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The PRETTY MAID buying a LOVE SONG

EBBA began in 2003 with the archiving of the single largest collection of black-letter broadside ballads of the seventeenth century: over 1,800 ballads in the five volume Pepys Collection at Magdalene College, Cambridge (for more on the evolution and makeup of EBBA see About Us). Our next project was to archive an only slightly smaller collection of some 1,500 ballads: the Roxburghe Collection at the British Library. We have also archived four collections from the National Library of Scotland, including the important Crawford Collection; as well as the Euing Collection of 420 black-letter broadside ballads at the University of Glasgow, Scotland; and some 600 ballads that are loose or from various collections, including the Britwell, Bindley, and Bridgewater, at the Huntington Library, San Marino. We then turned our attention to the early modern broadside ballads held at the Houghton Library, Harvard University.

During our sixth grant cycle (generously funded by the National Endowment for the Humanities; see "Funding"), we archived the sixteenth- and seventeenth-century broadside ballads in the library of the Society of Antiquaries, London; the Halliwell-Phillipps ballads held at Chetham's Library, Manchester; the Manchester Central Library; and several ballad collections from the Beinecke Library at Yale University. These collections ultimately amount to the addition of 900 ballads to our archive. Subsequently, during our seventh round of funding, we returned to the British Library to capture all extant sixteenth- and seventeenth-century broadside ballads outside of the Roxburghe collection. We added over 1300 ballads from 25 separate shelfmarks, including ballads from important named collections such as John Bagford’s three volume collection, Narcissus Luttrell's three volume collection, the Huth ballads (which, with the Huntington's Britwell collection, belonged to William Fitch), and ballads from the Thomason Tracts. We also rediscovered an often-overlooked collection of Civil Wars and Interregnum ballads which, while taking up traditional ballad themes such as the pastoral, are ultimately coded Royalist; this collection was called "The Book of Fortune" by its compiler, and we followed suit.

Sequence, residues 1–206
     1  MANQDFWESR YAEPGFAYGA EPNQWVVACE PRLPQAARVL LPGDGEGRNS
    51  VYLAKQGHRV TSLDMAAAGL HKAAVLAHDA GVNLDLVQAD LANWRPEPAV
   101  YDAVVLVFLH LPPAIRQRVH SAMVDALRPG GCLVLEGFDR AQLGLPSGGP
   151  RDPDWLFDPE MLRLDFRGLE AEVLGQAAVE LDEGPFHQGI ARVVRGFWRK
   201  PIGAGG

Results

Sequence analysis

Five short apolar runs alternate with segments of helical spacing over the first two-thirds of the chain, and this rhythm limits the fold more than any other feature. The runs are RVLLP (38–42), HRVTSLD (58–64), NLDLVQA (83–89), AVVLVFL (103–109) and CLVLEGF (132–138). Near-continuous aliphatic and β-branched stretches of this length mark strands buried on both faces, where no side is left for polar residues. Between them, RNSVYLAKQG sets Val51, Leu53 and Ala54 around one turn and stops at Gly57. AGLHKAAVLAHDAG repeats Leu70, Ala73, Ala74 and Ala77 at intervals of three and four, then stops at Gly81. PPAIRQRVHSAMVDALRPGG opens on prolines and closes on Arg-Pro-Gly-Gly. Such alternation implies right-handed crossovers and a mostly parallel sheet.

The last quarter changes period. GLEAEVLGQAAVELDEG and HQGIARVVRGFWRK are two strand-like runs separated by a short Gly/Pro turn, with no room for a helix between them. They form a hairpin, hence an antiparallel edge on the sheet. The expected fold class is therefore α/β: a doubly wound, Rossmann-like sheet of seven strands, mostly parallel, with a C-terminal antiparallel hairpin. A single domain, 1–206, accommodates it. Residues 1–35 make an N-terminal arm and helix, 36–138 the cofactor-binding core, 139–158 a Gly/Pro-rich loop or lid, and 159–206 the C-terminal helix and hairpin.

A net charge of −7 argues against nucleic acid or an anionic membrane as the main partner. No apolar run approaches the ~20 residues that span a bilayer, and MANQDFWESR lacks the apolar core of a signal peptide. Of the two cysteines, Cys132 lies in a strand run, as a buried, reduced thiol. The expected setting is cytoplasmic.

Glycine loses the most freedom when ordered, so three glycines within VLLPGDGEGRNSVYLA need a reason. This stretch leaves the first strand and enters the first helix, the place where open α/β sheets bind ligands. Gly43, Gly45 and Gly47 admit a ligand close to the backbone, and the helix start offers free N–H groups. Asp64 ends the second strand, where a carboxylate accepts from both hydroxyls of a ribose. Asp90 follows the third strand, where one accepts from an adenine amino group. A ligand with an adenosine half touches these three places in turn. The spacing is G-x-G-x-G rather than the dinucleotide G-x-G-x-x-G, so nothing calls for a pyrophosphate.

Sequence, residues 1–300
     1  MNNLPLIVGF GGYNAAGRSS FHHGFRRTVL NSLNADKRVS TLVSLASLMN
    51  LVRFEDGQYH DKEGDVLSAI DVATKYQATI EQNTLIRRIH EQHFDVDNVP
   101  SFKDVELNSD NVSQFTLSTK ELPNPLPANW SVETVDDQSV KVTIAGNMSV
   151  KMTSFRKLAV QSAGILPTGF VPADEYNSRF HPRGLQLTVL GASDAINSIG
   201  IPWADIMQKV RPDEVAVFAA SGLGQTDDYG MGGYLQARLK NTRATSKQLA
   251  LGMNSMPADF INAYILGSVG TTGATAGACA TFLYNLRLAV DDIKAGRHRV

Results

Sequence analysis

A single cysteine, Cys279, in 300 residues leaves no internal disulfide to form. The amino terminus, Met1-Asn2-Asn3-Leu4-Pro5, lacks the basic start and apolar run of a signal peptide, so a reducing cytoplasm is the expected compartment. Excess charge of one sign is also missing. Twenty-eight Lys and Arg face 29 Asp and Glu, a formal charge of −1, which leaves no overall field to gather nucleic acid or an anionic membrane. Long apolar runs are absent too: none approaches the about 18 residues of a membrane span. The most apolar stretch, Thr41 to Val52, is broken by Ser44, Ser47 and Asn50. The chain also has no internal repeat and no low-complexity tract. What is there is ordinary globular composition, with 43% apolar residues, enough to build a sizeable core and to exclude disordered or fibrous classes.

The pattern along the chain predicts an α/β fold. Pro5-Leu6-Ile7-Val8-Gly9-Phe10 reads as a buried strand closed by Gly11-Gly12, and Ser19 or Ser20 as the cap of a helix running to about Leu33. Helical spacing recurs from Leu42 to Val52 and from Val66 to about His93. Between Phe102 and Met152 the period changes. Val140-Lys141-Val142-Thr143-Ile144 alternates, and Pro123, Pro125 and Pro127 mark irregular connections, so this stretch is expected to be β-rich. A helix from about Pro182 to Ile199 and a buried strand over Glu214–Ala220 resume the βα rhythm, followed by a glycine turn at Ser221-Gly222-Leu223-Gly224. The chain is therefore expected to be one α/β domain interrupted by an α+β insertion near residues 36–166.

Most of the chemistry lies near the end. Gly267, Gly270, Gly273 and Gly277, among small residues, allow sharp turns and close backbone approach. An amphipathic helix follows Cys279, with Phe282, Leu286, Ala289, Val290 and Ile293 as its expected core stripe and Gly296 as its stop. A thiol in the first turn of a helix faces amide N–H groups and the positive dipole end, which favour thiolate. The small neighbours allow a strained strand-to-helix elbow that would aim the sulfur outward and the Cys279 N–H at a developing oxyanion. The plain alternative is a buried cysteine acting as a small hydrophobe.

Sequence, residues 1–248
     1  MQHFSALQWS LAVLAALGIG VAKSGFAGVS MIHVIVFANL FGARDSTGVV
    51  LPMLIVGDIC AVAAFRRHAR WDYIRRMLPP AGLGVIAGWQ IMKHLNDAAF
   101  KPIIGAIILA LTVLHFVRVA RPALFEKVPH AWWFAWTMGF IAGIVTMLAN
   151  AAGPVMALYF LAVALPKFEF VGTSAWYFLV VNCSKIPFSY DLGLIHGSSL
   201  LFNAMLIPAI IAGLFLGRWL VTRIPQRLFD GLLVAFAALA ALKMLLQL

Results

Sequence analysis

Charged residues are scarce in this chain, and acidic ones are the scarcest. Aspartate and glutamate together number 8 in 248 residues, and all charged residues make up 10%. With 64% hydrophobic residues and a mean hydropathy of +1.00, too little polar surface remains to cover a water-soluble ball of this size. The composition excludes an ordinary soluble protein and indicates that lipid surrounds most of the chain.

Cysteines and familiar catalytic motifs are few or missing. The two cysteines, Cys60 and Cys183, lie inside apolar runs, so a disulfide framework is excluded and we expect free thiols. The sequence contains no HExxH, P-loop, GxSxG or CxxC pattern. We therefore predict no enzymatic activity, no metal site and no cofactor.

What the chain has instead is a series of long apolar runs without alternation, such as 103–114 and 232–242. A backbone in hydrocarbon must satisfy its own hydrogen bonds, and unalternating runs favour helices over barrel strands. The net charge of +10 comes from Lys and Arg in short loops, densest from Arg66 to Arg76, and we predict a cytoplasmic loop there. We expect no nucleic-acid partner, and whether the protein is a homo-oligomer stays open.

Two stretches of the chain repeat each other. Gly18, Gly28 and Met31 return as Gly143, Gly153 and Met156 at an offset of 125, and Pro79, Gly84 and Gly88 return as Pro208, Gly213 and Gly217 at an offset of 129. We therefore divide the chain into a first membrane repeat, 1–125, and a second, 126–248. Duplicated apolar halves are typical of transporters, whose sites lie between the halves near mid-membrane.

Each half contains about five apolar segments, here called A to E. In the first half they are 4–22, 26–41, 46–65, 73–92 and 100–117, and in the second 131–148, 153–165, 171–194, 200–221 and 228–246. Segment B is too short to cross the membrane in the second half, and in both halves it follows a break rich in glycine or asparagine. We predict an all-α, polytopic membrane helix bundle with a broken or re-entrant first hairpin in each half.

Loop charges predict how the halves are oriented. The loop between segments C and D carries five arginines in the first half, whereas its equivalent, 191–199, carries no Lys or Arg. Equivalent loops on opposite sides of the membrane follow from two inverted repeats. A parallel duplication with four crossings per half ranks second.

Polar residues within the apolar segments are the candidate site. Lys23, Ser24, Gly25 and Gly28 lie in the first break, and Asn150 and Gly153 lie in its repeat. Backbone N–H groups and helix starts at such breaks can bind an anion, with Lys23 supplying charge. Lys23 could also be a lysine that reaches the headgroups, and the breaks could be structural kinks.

With an eighth round of funding from the NEH, EBBA is currently making a wide sweep of the globe to capture as many extant early modern broadside ballads that remain in libraries across the world. With nearly 100 holding institutions and 1000 individual ballad sheets in our sights, we are hoping to near completion of EBBA by 2022. Some of the holding institutions with whom we are working for this grant include: Cambridge University Library (for collections other than the Pepys); Duke University's Rubenstein Rare Books Library in Durham, NC; the Folger Shakespeare Library in Washington, DC; the Guildhall of London; Lambeth Palace Library, London; the National Archives of London; the Newberry Library in Chicago; the New York Public Library; the Pierpont Morgan Library in New York City; UCLA's Clark Library; the University of Illinois at Urbana-Champaign; the University of Pennsylvania; the University of Texas at Austin's Harry Ransom Center; and Williams College's Chapin Library. Nearly 85 other institutions hold at least one ballad fitting our criteria, and will hopefully be included in this grant cycle.

Our ultimate goal is to archive all surviving black-letter broadside ballads from England’s heyday of the printed ballad in the seventeenth century (when woodcut ornaments, printed tune titles, and black letter ruled). We estimate the number of such broadside ballads to be between 11,000 and 12,000. EBBA, however, will necessarily include earlier and later ballads as many collections are expansive in historical range, and extant sixteenth-century ballads, such as the Huntington's Britwell collection, are very rare. Still, as a matter of funding and time constraints, we will likely also have to restrict our purview to only portions of those larger collections that cross later centuries; otherwise, EBBA will become impossibly gargantuan. At all times, then, we prioritize the archiving of those collections and those parts of collections that privilege seventeenth-century ornamental black-letter broadside ballads.